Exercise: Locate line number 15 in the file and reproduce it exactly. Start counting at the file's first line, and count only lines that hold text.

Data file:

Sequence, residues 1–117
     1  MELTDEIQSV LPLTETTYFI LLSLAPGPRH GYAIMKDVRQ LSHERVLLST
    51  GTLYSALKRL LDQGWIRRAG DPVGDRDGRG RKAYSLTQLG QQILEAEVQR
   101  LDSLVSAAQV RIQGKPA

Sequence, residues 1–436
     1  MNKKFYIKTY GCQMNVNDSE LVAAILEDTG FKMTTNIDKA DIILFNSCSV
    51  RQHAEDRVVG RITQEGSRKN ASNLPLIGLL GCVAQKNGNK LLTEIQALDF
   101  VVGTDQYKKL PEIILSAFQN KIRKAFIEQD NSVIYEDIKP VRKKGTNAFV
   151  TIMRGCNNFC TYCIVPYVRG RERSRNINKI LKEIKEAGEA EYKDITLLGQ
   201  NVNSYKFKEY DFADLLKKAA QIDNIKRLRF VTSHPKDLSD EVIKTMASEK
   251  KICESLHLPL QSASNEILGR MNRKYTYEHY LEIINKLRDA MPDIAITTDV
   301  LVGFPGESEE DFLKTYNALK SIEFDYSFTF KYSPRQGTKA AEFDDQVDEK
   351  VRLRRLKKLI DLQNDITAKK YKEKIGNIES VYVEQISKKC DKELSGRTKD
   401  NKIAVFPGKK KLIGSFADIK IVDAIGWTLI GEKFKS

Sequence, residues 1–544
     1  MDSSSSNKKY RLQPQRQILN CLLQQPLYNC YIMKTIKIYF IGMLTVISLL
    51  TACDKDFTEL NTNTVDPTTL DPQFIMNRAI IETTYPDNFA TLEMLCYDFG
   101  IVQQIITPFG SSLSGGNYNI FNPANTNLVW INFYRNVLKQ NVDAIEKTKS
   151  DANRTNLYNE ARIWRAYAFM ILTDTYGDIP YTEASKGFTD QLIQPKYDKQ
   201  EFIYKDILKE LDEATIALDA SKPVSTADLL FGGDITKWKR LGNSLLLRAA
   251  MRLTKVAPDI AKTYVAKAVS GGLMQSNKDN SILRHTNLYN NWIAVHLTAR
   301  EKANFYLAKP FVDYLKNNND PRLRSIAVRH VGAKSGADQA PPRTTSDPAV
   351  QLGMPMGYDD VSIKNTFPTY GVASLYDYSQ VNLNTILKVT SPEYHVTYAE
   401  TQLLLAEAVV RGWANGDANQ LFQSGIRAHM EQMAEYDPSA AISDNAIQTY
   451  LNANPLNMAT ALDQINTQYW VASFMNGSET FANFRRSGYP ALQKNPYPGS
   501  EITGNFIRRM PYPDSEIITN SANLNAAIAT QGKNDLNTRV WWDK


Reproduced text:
Sequence, residues 1–544